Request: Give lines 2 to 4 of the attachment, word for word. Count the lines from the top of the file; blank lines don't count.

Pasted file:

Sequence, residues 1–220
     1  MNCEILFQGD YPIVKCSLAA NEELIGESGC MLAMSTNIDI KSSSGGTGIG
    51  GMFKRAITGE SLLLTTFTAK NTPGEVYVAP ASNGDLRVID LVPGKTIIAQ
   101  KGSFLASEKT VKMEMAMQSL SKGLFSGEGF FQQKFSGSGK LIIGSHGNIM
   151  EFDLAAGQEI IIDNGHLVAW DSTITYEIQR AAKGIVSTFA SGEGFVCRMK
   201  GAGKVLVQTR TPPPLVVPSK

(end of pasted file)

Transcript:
     1  MNCEILFQGD YPIVKCSLAA NEELIGESGC MLAMSTNIDI KSSSGGTGIG
    51  GMFKRAITGE SLLLTTFTAK NTPGEVYVAP ASNGDLRVID LVPGKTIIAQ
   101  KGSFLASEKT VKMEMAMQSL SKGLFSGEGF FQQKFSGSGK LIIGSHGNIM